In a world where celebrity weddings tend to get more attention than serious environmental issues, it’s getting harder to avoid the curse of MEGO (my eyes glaze over). That means drawing attention to such issues often requires a more creative approach, which is exactly what Greenpeace has done ahead of World Oceans day through a collaboration with the creators of popular online video series Beached Az.
The previous clips have entertained millions of online viewers. But in the latest clip the whale has been killed off to highlight the bane of marine life everywhere, “plistuc”, and the declining health of the oceans.
“We just want all the cuzzies and bros out there to know that the ocean’s getting pretty sick and it’s time we all took notice, so we don’t have to kill off any more cartoon whales,” says Beached Az producer Anthony MacFarlane in a release. “It’s been pretty traumatic”.
Greenpeace is known more for its serious, confrontational campaigns, like Oil on Canvas after the Rena oil spill, or its aggressive anti-drilling campaigns targeting Shell and Gazprom (and the associated punking of media outlets). But while campaign team leader Lagi Toribau says the video still has serious undertones, it hopes the humour will get the message out there in a different way to engage New Zealanders for World Oceans Day.
“We hope that a few more Kiwis look at ways they can make a difference. Sharing the video will help us to get the message out there. But there are also simple things like eating sustainable seafood, reducing your use of plastic and even keeping your car well serviced to prevent oil leaks. They all help to improve the health of our oceans.”
DDB NZ’s ex-executive creative director Andy Fackrell approached the Beached Az producers after being shocked by the lack of fish caught at a fishing competition in his hometown of Whakatane. A feature article read by him shortly afterwards in the Sydney Morning Herald, entitled, ‘The Ocean is Broken’ propelled him into action.
“We hatched a plan that would play off the existing Beached Az success; a tactic to raise as much awareness as possible. The team across the ditch quickly agreed that anything to bring more attention to the critical state of the Pacific was worth it, so we quickly started collaborating on a script and got it to Greenpeace.”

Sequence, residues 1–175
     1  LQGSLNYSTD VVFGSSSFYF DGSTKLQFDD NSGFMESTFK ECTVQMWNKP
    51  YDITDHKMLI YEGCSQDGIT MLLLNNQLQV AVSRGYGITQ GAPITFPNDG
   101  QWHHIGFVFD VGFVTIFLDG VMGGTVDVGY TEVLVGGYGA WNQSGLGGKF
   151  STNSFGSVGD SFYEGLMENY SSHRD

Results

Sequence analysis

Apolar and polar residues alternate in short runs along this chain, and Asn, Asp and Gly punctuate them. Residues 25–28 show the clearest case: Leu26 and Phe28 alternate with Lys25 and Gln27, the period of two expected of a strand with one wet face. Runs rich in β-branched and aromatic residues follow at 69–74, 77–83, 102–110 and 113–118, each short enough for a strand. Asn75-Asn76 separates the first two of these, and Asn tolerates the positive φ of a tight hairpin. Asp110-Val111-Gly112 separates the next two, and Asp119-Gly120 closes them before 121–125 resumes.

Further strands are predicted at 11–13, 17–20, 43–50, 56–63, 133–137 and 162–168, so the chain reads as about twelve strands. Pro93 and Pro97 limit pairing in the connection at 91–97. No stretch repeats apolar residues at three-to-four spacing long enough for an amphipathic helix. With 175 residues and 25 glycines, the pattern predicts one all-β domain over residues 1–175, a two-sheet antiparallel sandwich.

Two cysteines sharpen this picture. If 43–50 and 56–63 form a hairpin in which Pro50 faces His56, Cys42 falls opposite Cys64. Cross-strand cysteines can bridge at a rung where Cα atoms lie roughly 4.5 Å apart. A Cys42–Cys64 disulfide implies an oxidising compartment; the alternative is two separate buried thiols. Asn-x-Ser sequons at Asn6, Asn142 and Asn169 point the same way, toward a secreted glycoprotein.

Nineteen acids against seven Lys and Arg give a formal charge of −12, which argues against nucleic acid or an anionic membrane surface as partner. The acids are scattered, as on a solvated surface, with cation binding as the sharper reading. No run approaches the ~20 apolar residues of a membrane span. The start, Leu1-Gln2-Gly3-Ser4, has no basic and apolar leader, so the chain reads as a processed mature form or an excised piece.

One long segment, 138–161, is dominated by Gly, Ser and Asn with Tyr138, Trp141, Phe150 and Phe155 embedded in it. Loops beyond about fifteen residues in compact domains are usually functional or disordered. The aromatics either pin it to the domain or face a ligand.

While Greenpeace is using humour to draw attention the problems, linking to research that shows “60 percent of all fish stocks are now over fished, that plastics consistently make up 60-80 percent of all marine debris in the ocean and the the oceans have become 30 percent more acidic due to increased CO2 levels”, Sealord is pushing a very different message for World Oceans Day, with a virtual experience at Auckland’s Downtown Shopping Centre aimed at showing its “leadership in sustainable fishing”.
Today, Auckland commuters were able to swim with sharks and dodge schools of hoki and unsuspecting passersby could interact with the virtual ocean and see themselves under the sea on a large screen.
According to a release, this is the first time a live interactive augmented reality experience has been used in New Zealand.
“We can’t take everyone out on our boats to see how we look after the sea, but we can bring the sea to the people”, says Graham Stuart, Sealord chief executive. “We have a generation of technologically savvy New Zealanders. One way to get important messages out to them is through creative use of technology.”
The release says:
The experience illustrates the steps taken to ensure Sealord hoki is sustainable and meets the requirements for the internationally-recognised Marine Stewardship Council (MSC) certification. The New Zealand hoki fishery has maintained the MSC’s high standard for sustainability since 2001 and has been certified a record number of three times. The MSC ecolabel can be seen on certified sustainable fresh, canned and frozen fish in stores.
“Sealord is showing tremendous leadership,” says Charlotte Connell, communications manager at the Marine Stewardship Council. “Their entire range of hoki products will soon be proudly marked with our blue ecolabel, giving New Zealanders that extra assurance their seafood is sustainable.”
After Sealord released its first ever brand campaign a couple of years ago, Greenpeace released a spoof video.